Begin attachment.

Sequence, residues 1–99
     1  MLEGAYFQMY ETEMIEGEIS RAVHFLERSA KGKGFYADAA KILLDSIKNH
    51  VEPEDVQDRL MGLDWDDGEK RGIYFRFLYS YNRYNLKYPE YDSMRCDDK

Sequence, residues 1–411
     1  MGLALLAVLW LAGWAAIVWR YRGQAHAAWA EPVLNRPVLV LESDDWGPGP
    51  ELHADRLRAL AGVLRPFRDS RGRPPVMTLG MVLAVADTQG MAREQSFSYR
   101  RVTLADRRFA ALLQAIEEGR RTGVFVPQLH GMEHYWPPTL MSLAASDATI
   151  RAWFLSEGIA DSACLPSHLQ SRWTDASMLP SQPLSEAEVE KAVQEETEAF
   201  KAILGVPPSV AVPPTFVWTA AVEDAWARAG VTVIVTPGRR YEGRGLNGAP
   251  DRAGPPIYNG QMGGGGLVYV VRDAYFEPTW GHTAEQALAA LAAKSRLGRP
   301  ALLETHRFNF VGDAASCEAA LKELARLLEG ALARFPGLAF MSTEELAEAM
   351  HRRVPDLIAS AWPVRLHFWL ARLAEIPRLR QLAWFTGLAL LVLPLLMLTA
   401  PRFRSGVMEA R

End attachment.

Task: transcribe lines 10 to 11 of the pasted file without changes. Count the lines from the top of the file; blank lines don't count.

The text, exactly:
   251  DRAGPPIYNG QMGGGGLVYV VRDAYFEPTW GHTAEQALAA LAAKSRLGRP
   301  ALLETHRFNF VGDAASCEAA LKELARLLEG ALARFPGLAF MSTEELAEAM